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Using examples to substantiate your argument, discuss the relevance of the concept of 'culture bound syndrome' to an understanding healing processes.

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Introduction

Course: Culture. Health and Madness Candidate number: 39118 Using examples to substantiate your argument, discuss the relevance of the concept of 'culture bound syndrome' to an understanding healing processes. Introduction To understand a disease or illness, its symptoms, it is sometimes useful to know what it is called. Categorisation of diseases can be a first step of diagnosis when one sees a doctor or goes to hospital. It depends on the health system where one lives and gets welfare from the process of receiving sufficient welfare support to obtain complementary medicine can be difficult in both Western and non-western countries. However, complementary medicine (or so-called non-western medicine) has a different approach to treating patients: this is visible in the example of culture-bound syndrome. No single definition of culture bound syndrome exists, but there are many. Prince defines the culture bound syndrome as " a collection of signs and symptoms, which is not to be found universally in human populations, but is restricted to a particular culture or groups of cultures. Implicit in the notion is the view that cultural factors play an important role in the genesis of the symptom cluster" (198). However most of the psychiatric diagnoses are based on the Diagnostic and Statistical Manual of Mental Disorders of the American Psychiatric Association. The latest one is called DSM-IV, and the psychiatric cases that cannot be found in this category are often called culture bound syndrome. In other words, categorisation is already Western or American based. If culturally bound term can diagnose some diseases as culture bound syndrome, there could be another way around. So my argument through this essay will focus on the term culture bound syndrome, the convenient usage of the term in Western medicine. The inversion of culture bound syndrome theory, whereby phenomena like anorexia as seen as culturally-bound to Western cultures will be explored. Also this paradox could apply to the common psychiatric disease in North America, Attention Deficit Hyperactivity Disorder (ADHD). ...read more.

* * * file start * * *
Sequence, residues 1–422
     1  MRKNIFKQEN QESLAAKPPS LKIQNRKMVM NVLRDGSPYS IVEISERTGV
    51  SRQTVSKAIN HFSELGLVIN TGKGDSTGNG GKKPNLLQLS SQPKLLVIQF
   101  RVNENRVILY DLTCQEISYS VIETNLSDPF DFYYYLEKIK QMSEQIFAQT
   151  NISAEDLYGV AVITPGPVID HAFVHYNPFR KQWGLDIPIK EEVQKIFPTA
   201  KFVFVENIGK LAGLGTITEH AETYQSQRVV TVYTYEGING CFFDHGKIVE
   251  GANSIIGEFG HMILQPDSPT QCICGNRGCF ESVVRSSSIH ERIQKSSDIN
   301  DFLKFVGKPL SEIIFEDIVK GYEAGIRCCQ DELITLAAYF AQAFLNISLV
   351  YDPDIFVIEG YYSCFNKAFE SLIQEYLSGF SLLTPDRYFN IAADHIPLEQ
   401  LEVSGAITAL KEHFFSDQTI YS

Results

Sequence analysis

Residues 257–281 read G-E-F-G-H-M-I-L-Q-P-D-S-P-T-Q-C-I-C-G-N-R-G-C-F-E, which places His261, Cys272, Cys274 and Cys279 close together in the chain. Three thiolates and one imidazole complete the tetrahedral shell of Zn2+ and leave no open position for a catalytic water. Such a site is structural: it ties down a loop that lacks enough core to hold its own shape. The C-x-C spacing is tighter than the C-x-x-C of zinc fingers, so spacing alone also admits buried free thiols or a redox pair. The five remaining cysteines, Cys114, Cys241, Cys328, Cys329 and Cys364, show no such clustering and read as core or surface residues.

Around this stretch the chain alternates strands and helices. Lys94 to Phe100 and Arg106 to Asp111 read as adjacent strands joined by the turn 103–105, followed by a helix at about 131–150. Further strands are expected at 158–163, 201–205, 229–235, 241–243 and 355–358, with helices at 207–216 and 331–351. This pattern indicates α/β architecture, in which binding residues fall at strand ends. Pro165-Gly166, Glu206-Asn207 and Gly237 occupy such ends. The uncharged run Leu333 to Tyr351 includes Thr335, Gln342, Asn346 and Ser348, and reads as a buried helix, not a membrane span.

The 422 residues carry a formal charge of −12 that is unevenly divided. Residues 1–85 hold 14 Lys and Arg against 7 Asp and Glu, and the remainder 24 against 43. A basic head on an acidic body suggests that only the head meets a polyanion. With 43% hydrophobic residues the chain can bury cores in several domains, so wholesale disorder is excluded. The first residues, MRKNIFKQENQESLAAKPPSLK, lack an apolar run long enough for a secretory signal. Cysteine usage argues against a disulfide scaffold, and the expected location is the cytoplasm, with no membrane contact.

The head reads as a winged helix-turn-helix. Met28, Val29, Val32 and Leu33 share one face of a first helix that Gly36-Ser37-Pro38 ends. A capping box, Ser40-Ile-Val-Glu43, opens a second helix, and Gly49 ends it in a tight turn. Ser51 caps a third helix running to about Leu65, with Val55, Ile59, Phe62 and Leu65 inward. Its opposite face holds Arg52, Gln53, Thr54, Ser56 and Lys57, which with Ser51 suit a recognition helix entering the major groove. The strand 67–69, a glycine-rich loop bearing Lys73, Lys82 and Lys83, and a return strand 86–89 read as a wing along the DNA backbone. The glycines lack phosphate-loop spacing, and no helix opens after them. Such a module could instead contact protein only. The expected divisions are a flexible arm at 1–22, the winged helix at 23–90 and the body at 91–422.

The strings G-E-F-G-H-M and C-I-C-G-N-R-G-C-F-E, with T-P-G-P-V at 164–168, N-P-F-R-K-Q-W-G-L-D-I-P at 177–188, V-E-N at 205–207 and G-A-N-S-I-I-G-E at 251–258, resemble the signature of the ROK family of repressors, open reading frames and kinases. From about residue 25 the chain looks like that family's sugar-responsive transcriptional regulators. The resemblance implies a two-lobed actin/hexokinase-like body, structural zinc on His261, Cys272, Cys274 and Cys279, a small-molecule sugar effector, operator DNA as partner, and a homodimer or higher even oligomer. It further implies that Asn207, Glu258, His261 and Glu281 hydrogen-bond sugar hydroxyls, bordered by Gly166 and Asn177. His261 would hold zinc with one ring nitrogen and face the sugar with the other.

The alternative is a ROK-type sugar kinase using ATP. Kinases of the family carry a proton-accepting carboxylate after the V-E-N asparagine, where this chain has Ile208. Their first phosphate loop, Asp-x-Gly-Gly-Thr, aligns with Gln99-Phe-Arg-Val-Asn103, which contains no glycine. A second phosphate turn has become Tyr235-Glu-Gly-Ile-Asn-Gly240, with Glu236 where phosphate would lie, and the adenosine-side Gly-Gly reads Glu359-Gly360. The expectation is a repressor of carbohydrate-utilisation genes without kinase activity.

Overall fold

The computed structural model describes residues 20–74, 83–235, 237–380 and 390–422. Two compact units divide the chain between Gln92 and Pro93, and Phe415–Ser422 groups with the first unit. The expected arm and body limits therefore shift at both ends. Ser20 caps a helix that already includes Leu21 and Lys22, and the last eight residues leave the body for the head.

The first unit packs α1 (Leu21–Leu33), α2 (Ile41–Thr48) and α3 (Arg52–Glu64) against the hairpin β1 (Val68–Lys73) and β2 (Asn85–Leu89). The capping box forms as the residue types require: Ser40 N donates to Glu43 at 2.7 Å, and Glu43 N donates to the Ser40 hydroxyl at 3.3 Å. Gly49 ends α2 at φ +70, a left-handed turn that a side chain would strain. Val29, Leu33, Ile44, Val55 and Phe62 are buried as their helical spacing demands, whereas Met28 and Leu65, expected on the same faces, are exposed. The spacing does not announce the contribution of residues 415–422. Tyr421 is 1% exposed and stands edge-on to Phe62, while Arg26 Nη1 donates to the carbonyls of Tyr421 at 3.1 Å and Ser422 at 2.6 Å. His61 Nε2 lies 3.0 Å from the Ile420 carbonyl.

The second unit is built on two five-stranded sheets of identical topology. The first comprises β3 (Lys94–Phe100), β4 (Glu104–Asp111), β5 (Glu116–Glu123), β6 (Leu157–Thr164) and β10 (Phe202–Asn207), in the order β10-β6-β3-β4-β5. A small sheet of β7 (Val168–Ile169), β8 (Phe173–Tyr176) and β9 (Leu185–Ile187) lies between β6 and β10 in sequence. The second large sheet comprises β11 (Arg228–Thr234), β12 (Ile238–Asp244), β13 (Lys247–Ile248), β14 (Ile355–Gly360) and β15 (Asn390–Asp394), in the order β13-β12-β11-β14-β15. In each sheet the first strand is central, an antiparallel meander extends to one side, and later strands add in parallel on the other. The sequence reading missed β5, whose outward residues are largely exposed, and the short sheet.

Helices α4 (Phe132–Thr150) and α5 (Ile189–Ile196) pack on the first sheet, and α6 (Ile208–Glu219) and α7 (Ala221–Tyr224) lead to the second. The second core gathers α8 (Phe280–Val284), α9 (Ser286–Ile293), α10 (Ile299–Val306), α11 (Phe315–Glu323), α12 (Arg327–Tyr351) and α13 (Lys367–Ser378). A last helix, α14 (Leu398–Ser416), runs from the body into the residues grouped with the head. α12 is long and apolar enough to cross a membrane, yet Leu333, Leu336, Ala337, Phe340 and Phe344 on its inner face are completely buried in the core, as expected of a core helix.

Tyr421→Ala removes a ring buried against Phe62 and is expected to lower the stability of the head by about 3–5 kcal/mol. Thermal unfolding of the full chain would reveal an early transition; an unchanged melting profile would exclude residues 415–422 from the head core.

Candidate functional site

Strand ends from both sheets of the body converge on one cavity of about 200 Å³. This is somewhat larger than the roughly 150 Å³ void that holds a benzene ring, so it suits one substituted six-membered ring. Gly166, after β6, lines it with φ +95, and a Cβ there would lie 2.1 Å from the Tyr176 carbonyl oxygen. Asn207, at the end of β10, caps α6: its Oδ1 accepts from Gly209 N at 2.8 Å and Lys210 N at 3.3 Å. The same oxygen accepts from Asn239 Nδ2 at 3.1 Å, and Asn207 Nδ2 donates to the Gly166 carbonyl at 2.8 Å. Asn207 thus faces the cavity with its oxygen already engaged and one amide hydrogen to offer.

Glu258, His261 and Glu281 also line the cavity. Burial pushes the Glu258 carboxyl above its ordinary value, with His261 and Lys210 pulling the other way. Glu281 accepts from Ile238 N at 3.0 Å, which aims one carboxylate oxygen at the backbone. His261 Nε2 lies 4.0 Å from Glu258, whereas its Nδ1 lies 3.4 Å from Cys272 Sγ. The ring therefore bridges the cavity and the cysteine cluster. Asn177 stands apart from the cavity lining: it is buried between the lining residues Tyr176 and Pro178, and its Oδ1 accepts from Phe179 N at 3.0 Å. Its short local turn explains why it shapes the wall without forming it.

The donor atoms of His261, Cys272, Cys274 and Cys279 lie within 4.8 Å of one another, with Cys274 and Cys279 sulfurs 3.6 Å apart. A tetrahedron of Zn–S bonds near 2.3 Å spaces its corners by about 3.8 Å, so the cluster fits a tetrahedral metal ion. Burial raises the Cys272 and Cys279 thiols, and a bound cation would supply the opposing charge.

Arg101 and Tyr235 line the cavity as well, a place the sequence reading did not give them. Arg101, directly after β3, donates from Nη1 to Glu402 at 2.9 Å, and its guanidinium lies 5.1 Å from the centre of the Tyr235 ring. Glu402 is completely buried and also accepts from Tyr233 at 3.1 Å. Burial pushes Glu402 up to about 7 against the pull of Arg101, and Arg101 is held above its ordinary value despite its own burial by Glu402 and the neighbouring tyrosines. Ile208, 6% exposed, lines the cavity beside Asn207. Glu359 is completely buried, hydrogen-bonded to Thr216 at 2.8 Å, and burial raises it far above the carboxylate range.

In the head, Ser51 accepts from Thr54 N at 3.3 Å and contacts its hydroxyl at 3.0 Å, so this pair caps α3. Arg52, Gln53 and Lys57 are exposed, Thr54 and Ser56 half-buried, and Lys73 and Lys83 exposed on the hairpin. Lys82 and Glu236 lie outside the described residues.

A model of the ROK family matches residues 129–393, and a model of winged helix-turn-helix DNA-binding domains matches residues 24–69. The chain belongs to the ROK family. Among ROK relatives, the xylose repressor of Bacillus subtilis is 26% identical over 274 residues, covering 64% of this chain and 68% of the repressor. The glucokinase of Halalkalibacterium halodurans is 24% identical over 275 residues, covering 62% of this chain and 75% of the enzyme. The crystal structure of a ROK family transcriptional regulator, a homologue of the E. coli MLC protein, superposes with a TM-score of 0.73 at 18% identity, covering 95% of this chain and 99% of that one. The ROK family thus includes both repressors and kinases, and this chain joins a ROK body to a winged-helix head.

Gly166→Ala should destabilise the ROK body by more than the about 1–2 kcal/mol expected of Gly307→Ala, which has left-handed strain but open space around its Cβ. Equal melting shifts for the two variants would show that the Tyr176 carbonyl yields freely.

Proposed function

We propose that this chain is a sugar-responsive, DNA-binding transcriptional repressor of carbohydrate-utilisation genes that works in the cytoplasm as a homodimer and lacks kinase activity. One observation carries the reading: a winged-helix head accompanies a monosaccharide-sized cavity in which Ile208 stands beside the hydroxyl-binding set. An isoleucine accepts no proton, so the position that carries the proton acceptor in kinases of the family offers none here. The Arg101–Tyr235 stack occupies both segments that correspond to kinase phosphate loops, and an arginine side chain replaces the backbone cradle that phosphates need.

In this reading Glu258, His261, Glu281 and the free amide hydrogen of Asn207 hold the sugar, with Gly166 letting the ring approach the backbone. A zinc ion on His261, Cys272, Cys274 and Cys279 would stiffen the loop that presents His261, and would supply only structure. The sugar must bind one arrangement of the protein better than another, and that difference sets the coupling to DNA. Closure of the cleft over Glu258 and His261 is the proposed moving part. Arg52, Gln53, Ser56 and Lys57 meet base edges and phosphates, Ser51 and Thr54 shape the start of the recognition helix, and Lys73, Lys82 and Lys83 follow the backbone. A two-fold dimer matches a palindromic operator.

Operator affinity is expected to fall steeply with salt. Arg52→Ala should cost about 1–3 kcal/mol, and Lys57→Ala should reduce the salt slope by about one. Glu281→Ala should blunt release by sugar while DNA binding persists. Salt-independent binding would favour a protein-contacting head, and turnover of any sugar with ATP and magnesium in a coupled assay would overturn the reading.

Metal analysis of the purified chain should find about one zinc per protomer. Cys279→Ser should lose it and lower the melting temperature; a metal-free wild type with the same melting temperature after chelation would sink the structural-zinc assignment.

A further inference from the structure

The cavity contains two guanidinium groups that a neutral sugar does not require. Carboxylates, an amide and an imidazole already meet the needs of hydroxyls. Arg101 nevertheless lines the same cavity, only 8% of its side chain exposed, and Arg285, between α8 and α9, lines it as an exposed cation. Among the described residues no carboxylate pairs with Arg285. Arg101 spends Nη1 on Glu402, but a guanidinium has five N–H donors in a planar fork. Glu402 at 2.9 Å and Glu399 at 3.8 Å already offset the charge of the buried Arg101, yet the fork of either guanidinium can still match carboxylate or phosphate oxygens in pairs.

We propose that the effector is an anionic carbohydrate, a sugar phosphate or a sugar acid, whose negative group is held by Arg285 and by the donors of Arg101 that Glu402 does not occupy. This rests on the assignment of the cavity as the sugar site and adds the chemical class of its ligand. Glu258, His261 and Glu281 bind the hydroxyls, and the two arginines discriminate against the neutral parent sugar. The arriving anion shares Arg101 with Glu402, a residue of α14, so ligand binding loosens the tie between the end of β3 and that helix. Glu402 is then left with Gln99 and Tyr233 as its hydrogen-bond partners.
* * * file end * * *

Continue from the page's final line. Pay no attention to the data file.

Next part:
Middle